February 13, 2008
Artists fire the imagination of Leith community
‘Out Of The Blue,’ an arts based community trust, is breathing new life into a much loved but somewhat neglected local park in the heart of Edinburgh’s Leith area. Artists have been collaborating with local youths and children from the local primary school to redesign aspects of the park and improve it as an asset for the local community
In 2005 OOTB initiated the Park Life project in partnership with the City of Edinburgh Council, Lorne (now Leith Central) Community Council, The Pilmeny Development Project, The National Galleries of Scotland, and the Capital City Partnership (Edinburgh Arts for Social Inclusion Project). This project has already involved hundreds of local people attending action planning meetings, creating an exhibition, attending events in the park and completing a survey on their aspirations for the improvement of the park. The project is currently redesigning and refurbishing the park through the work of a 60 strong membership of the OOTB-initiated ‘Friends of Dalmeny Street Park’.
The project is an example of how working with artists through a creative process can animate people to learning and community involvement and has been cited as an example of good practice in community engagement in the Scottish Arts Council publication ‘FIRING THE IMAGINATION 2: ARTS AND COMMUNITY LEARNING AND DEVELOPMENT’
Artists can work with the most marginalised communities to encourage people to express their views, to give them space and opportunities to engage critically with the society around them and time to reflect on many issues. It creates those networks between people that can act as catalysts to action, can build bridges and break down barriers between people. The process of working within the community to reflect their needs and aspirations, is a process that recognises that people themselves are their own agents of change.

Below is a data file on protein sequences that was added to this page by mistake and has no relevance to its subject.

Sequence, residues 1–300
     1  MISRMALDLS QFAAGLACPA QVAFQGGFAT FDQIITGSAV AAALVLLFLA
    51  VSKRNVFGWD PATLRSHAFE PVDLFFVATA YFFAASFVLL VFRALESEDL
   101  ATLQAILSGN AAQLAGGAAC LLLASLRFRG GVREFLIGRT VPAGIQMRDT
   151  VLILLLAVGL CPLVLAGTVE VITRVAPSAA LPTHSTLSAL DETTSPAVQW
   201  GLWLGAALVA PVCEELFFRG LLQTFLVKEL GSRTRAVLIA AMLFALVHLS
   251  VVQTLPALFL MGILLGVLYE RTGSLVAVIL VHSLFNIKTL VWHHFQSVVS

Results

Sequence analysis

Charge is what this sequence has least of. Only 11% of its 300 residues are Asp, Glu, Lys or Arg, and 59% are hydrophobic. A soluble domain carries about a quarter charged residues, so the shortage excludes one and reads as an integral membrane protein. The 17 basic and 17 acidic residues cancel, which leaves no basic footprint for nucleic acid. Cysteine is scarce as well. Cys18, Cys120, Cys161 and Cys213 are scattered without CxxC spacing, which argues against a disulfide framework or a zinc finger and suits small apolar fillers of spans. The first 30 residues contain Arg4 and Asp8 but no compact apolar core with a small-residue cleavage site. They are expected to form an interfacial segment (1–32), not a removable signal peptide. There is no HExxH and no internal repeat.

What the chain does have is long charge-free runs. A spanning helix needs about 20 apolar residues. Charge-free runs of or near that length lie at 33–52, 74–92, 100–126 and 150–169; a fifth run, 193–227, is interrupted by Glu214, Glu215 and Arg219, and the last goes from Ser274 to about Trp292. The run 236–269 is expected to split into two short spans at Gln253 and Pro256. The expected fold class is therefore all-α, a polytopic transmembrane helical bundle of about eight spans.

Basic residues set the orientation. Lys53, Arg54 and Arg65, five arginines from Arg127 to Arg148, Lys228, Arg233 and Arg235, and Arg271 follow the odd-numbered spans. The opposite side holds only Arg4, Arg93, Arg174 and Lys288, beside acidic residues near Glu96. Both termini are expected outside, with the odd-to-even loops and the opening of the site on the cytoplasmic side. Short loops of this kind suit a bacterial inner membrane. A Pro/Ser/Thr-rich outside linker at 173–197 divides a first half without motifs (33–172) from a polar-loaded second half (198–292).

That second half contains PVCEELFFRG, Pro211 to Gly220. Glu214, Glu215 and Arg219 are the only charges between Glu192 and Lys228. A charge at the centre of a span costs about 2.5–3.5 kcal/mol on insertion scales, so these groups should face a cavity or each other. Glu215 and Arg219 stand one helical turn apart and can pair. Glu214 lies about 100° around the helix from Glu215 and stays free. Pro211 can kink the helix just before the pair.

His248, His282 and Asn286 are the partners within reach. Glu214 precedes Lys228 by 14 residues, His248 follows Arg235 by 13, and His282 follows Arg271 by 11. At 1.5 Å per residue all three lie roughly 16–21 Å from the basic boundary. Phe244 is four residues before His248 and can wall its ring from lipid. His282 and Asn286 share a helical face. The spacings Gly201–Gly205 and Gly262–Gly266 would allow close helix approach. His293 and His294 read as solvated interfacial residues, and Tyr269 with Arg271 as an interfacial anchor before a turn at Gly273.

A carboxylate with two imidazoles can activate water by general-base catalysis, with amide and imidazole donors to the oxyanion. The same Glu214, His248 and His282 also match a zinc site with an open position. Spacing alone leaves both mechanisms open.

Activity around this project now includes:
• Streetlife: working with partners from Capital City Partnership Streetwork project, and Port of Leith Housing Association (POLHA) to engage with young teenagers who use the park as a hang out space and to involve them in the redesign of a shelter within the park ensuring a sense of ownership. The young people are working with arts specialists, Craig MacLean, Bill Dewar, and Emma Westwater to have their say about the use and development of the park and ongoing activity and facilities. This model of working has been adopted by POLHA to roll out with Community Education providers in Leith as the Leith Open Spaces Project.
• Play Park: Working with partners from Lorne Primary School and City of Edinburgh Council to involve pupils in creatively planning and creating a new play park and the development of a programme of environmental activities.
• Community Greenspace Project: Working with funders Scottish Natural Heritage, arts specialists Lise Bratton and Graham Murray will involve a mixed age range group to design and create planters for the park and an environmental education project for young people.
• Sports facilities: Working with Leith Neighbourhood Partnership to establish improved sports facilities within the park and will work with Streetwork project to run a series of qualified coaching courses.
The Park Life project utilise the café, exhibition and meeting space within The OOTB Drill Hall. As well as attracting internationally acclaimed artists to rehesrse and perform at the Drill Hall OOTB consistently develop projects which use the full range of artforms (music, dance, photography, video etc) to engage with people and to produce a platform for their voices to be heard.
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